Robotics have advanced to the point in which CNC machine shops’ expectations might outnumber questions about practical applications. In fact, many successful shops are already benefiting from machine-tending robots or have researched various robot offerings with an eye toward adding them.
Global robot sales bear out this notion. According to the International Federation of Robotics’ 2018 World Robotics Report, a record number of 381,000 robots were shipped worldwide in 2017, an increase of 30 percent compared to 2016. For 2018, that number is expected to increase by 10 percent to 421,000 robots shipped.
The maturation of manufacturing robots comes at an opportune time for shops both big and small. The lack of skilled labor and difficulty attracting young people to the field make automated machine tending attractive, especially for shops aiming to increase spindle utilization and run lights-out overnight while not staffed. Robots also can help attract prospective new hires interested in more than simply loading and unloading machines all shift long.
Robots were particularly conspicuous at this past November’s Japan International Machine Tool Fair (JIMTOF), which was the 29th edition of the biennial show organized by the Japan Machine Tool Builders’ Association and took place at the Tokyo Big Sight convention center. Like the International Manufacturing Technology Show (IMTS) this past September in Chicago, Illinois, JIMTOF 2018 beat previous records for visitor attendance (more than 153,000 this year) and number of exhibitors (1,085). Industry interest in such trade shows certainly is not waning as manufacturers continue to visit to learn how shopfloor strategies such as automation can increase their businesses’ efficiency and spur growth.
Expectations, Evolution Examples
Here are three expectations I believe shops now have about robots. These points are illustrated with examples I saw at the show of how the technology has evolved with respect to each expectation:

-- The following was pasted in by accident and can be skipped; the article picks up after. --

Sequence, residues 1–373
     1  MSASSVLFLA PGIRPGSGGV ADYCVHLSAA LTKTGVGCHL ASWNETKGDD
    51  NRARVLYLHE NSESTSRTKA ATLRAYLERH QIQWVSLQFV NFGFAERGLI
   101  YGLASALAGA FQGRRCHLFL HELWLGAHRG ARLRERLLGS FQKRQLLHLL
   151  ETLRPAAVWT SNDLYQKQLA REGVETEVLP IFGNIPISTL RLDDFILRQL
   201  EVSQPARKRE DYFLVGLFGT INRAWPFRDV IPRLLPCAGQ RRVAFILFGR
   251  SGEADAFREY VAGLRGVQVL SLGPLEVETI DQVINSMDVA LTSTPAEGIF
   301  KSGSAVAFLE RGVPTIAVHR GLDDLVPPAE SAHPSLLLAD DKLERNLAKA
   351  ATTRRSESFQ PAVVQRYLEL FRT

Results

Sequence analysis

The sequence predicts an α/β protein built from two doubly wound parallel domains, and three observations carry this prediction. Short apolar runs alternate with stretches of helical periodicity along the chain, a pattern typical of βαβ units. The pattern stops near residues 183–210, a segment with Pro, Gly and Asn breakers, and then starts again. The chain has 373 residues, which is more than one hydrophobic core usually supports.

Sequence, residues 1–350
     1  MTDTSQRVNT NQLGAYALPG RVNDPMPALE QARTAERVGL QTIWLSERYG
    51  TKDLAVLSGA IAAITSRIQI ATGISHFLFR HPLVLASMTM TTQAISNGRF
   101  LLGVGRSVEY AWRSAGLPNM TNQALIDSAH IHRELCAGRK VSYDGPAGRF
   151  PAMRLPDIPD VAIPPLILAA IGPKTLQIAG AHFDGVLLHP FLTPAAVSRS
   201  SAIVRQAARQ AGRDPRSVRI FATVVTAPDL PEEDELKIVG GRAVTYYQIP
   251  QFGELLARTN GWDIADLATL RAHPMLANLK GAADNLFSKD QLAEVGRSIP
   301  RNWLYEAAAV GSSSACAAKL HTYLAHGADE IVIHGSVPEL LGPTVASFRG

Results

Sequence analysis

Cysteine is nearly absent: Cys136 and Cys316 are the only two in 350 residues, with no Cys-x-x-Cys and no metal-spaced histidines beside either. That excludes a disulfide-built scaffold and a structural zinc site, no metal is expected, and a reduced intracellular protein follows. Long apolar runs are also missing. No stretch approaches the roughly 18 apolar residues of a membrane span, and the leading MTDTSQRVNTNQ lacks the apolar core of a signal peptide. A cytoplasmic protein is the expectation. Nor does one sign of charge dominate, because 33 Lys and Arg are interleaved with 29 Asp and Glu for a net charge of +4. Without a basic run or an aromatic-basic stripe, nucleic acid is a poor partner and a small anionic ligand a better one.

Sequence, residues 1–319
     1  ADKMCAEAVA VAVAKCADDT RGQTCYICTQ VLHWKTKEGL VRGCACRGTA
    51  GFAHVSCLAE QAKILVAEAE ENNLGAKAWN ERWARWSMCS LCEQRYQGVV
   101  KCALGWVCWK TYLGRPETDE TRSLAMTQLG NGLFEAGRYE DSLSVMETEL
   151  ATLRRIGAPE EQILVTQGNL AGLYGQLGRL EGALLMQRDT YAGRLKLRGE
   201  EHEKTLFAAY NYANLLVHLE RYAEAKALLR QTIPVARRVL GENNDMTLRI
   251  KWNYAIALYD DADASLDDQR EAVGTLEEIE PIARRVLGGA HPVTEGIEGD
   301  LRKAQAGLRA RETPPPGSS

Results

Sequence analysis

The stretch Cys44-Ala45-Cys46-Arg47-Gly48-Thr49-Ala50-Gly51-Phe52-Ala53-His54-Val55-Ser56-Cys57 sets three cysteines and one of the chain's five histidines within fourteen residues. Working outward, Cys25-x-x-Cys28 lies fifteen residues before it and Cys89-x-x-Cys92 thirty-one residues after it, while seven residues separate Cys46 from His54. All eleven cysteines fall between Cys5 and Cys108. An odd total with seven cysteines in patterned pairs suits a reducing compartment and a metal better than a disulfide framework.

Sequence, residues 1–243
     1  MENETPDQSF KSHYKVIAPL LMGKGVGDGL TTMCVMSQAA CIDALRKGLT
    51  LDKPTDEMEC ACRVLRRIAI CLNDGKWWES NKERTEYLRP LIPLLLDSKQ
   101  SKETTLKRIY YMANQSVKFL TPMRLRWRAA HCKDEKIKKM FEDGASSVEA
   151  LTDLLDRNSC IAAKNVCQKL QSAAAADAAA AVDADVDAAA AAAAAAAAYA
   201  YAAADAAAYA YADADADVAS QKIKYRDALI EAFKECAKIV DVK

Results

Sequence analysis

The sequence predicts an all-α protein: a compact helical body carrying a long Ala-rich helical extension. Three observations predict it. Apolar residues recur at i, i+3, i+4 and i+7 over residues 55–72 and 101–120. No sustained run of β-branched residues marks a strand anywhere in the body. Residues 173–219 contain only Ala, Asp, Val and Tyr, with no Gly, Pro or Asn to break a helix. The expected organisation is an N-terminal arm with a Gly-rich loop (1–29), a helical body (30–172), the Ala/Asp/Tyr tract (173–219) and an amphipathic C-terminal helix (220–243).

1. Robots should be able to operate safely alongside people.
Manufacturers continue to need conventional robots with safety guarding to prevent people from entering the robots’ work area, especially when applications call for high speed or payload capacity. At JIMTOF, however, there were just as many (if not more) collaborative robots or “cobots” on display.
Cobots use sensor technology to avoid harming people in the same work area. In some cases, sensors are integrated into the robot itself to stop its motion when it unexpectedly contacts an object or person. Other applications use sensors to slow or stop robot motion depending on a person’s proximity to the work area.
When cobots were new to the automation scene, the existing ISO 10218 standards for industrial robot safety requirements (published in 2011) did not adequately address their safe integration into a manufacturing facility. This prompted the automation community to develop the ISO/TS 15066 technical specification. One important aspect of this is that it provides robot integrators and manufacturing personnel guidance about conducting more sophisticated, preliminary risk assessments of both the cobot and the environment it will share with humans.